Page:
(by Bram Stoker) (1897) (Dir. Tod Browning) (1931)
It was, perhaps, an unlikely brace of circumstances: odd that a 19 year old (Mary Shelley) would create one of the two most potent horror figures of our epoch – Frankenstein, and equally odd that a clerk-turned-impresario, Bram Stoker (1847-1912) would the other. Dracula evokes all the lip-smacking pleasures of pure, endogenous evil, and combines myth, misanthropy and eroticism with the false promise of immortality.
The Universal film, made about 500 years after the birth of the man who inspired the book (Vlad the Impaler), is the definitive classic version, an eerie, atmospheric, surreal, slimmed-down and by current standards, restrained account of the Count’s trip to London for fresh blood and mayhem. Bela Lugosi is incomparable as Dracula. It is a weird, toe-curling, performance – almost absurdly arch, deliberate and slimy. His act has been brilliantly described: “Dracula’s every movement [is] premeditated as a dancer’s...”* Forget that he wasn’t even Romanian (or Wallachian) – once you see him, eyes burning through the camera lens, you can’t think of anyone else as the Head Vampyre (with due respect to Christopher Lee, Max Schreck, Frank Langella, Gary Oldman, et al).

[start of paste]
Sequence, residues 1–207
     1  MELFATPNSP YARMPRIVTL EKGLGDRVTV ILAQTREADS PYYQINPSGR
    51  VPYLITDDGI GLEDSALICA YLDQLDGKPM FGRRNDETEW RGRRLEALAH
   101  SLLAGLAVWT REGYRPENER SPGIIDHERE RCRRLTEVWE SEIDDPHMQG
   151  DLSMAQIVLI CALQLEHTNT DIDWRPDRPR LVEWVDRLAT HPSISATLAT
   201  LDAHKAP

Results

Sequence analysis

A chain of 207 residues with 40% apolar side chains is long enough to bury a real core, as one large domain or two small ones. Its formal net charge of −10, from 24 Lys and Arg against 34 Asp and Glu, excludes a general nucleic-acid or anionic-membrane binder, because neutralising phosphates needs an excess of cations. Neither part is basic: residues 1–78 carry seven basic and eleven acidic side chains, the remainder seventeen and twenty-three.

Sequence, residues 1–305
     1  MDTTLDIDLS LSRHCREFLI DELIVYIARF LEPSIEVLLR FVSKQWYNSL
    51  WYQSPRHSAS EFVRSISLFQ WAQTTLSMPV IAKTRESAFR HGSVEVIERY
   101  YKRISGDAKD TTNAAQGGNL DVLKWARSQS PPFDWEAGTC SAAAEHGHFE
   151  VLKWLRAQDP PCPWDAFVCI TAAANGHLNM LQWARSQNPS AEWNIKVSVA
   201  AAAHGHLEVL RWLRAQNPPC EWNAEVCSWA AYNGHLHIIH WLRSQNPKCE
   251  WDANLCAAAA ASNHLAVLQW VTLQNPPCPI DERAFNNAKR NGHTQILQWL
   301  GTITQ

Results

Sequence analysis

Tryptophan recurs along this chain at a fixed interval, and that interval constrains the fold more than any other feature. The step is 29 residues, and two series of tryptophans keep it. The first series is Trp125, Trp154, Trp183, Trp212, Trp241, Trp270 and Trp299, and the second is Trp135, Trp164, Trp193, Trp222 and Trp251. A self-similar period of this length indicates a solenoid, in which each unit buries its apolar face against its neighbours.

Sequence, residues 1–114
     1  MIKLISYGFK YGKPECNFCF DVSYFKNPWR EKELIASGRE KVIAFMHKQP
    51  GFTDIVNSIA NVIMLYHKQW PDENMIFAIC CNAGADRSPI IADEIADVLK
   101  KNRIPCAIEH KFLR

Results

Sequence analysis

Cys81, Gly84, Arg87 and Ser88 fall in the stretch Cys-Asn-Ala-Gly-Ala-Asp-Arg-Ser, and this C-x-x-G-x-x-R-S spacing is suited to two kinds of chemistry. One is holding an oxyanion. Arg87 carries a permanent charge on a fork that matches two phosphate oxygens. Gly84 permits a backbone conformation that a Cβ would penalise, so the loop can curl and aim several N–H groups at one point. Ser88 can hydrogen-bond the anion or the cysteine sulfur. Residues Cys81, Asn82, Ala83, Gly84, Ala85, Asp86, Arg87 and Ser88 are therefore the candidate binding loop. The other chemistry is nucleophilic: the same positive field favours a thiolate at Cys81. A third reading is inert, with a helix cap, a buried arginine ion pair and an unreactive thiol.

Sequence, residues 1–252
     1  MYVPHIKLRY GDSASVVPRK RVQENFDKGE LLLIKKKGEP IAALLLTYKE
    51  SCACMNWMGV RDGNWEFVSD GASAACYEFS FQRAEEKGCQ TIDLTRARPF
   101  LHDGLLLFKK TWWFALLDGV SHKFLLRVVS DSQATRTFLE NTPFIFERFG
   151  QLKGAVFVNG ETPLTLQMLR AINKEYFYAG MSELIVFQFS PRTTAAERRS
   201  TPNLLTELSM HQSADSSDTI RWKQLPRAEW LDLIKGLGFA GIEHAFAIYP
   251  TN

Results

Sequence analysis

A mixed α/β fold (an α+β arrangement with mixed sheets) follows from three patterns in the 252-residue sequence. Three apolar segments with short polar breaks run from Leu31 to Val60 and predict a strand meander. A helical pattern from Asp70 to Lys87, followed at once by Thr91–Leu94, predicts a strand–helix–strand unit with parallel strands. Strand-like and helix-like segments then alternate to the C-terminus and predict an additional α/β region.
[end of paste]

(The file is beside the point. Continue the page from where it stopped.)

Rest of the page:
Dwight Frye as the barking Renfield is completely over-the-top, yet watch him in the dark and you feel fear as much as hilarity (of course, both reactions can be linked). Edward Van Sloan as Van Helsing is a stoic and determined hero from another age, yet he is as good as any lycra-clad lump of today. When he sets his will to resist Dracula’s malign bidding at the home of Dr Seward, it is a gripping moment, even if you are familiar with it.
The film fascinates for its defects as much as its style. There are big continuity problems – they seem not to matter. Some of the acting could kindly be called comic – it doesn’t seem to matter. Apart from an opening piece from Swan Lake, and a little Wagner at the theatre, there is no music sound track (at least, none that exists).
The sets show a fair few seams but again, who cares? It all feels great and the poverty of technology plays to advantage.
So check this out from your local video store (if one exists near you) or from your legal streaming site. Or look up the book, which is wordy but not over-long, and make your own movie in your mind.
And meanwhile, check out these extracts from Pop-Up Dracula (2009) by Bampton, Hawcock & Williams:
*Joyce Carol Oates, “The Vampire’s Secret” from The Movie That Changed My Life, ed. David Rosenberg (1991).